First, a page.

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Quantum States?

  1. Apr 25, 2012 #1
    1. The problem statement, all variables and given/known data
    how many possible quantum states for a nitrogen atom with electronic configuration of 1s22s22p3


    2. Relevant equations

    ???


    3. The attempt at a solution

    So, the answer for this question is 20, but I can't for the life of me find out how. The book we're given is Physical Chemistry by Atkins. Quantum state isn't even listed in the index. My professor uses a statistical thermodynamics book by engel & reid, I believe is where he takes these questions from. I don't believe that he is using the phrase quantum states to mean quantum numbers. Please help!
     
  2. jcsd
  3. Apr 26, 2012 #2
    To find the number of possible configurations you need to do some counting. There are formulas out there to do this for a given electron configuration (see Introduction to Quantum Mechanics by Griffiths).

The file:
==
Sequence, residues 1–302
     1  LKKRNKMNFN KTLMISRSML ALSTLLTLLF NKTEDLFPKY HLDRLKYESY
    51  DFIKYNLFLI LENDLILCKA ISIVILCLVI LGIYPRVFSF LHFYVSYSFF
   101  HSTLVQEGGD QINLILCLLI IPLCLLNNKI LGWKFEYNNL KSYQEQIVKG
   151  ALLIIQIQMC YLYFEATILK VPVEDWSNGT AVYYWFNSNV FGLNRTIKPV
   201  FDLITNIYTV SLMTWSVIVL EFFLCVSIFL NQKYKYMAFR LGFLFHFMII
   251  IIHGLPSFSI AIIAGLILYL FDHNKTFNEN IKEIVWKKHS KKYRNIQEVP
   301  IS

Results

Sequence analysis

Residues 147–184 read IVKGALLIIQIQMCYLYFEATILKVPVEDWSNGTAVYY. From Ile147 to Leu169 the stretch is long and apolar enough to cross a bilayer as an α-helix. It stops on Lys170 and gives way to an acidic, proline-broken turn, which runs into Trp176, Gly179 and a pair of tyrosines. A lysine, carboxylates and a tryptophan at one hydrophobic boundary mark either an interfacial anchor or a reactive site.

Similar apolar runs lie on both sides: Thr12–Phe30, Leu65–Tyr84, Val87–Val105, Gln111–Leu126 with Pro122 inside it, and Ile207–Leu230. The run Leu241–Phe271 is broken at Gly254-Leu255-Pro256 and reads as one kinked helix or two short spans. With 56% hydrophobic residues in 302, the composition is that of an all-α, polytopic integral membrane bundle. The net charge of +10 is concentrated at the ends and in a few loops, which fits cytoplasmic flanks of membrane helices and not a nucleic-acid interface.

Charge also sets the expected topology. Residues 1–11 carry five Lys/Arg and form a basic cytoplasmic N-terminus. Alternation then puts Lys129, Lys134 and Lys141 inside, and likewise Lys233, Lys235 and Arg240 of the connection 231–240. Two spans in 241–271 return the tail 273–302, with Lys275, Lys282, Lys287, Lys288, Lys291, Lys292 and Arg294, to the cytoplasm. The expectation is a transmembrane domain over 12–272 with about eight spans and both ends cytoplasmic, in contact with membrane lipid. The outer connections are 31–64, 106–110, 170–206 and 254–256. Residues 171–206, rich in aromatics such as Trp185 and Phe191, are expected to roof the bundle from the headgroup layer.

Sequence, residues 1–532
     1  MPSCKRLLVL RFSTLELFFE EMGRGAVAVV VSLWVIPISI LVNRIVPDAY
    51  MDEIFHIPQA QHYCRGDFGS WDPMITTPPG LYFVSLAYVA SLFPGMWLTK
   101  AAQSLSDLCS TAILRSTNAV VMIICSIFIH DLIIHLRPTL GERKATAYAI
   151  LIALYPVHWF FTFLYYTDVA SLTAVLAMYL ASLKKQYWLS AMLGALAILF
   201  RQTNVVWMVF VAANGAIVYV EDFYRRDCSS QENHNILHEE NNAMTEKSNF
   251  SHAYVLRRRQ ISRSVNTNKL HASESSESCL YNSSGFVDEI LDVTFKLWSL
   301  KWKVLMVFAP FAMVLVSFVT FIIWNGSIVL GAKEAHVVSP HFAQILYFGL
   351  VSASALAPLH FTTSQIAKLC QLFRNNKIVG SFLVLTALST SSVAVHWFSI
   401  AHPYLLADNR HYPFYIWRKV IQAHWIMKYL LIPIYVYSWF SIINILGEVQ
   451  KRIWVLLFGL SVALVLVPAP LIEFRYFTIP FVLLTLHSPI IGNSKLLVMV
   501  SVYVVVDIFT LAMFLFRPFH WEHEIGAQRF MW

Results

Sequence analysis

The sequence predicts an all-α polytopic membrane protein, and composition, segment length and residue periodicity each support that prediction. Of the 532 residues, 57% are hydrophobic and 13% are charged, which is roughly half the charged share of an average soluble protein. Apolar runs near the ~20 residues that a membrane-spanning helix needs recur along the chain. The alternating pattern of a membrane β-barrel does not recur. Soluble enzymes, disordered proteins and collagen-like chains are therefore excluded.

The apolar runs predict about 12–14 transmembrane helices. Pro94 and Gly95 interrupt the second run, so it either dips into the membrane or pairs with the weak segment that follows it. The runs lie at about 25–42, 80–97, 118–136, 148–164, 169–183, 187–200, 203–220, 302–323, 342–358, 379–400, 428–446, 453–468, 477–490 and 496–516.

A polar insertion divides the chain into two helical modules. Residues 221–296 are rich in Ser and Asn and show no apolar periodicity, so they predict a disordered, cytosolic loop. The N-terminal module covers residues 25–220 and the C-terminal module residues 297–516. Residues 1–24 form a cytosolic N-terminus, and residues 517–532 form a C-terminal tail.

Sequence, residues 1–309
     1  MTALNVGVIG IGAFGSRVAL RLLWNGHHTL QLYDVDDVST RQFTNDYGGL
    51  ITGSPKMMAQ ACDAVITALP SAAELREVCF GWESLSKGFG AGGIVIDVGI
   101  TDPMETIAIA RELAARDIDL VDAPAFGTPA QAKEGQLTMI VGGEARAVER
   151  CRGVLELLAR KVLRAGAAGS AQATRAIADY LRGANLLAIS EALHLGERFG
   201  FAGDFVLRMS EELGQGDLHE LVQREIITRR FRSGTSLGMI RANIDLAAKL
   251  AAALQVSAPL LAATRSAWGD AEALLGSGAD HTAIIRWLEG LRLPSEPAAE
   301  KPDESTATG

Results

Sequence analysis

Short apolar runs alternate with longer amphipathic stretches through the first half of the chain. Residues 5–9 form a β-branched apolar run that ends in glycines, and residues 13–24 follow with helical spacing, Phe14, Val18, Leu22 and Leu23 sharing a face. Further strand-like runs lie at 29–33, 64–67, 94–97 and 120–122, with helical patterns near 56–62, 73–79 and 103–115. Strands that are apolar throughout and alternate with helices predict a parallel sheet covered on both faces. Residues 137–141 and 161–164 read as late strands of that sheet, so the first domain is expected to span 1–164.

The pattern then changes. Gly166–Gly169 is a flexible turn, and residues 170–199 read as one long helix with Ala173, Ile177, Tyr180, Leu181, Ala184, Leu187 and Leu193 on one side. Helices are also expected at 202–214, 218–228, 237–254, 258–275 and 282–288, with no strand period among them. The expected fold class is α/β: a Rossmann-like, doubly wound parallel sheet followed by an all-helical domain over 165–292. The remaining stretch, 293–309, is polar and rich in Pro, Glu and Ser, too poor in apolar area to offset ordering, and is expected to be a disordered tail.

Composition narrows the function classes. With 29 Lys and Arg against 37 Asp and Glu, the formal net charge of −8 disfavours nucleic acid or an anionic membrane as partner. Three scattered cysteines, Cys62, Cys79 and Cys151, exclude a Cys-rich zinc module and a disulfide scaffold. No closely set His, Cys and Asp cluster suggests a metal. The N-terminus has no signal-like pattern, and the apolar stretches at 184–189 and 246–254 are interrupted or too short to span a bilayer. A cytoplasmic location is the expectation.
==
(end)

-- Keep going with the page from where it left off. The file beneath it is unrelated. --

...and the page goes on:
Let's start with an example. For atomic hydrogen you have one electron in configuration 1s2. An s orbital has one orbit available, which can be occupied by electrons of opposite spin; therefore, the s orbital can hold 2 electrons. The single electron in atomic hydrogen has two possible states available to it, spin up or spin down in the 1s orbital.

    For atomic helium, you have two electrons in configuration 1s2. So there are two electrons in the 1s orbital. One is spin up and the other is spin down. There is only one way for this to occur because we cannot tell the difference between the two electrons. There is only one available quantum state.

    Only the unfilled orbitals have multiple states available. So you need to count the number of ways you can fit 3 electrons into a p-orbital. Remember that all three slots must have at least one electron. So it will come down to the spin states.
     
    Last edited: Apr 26, 2012
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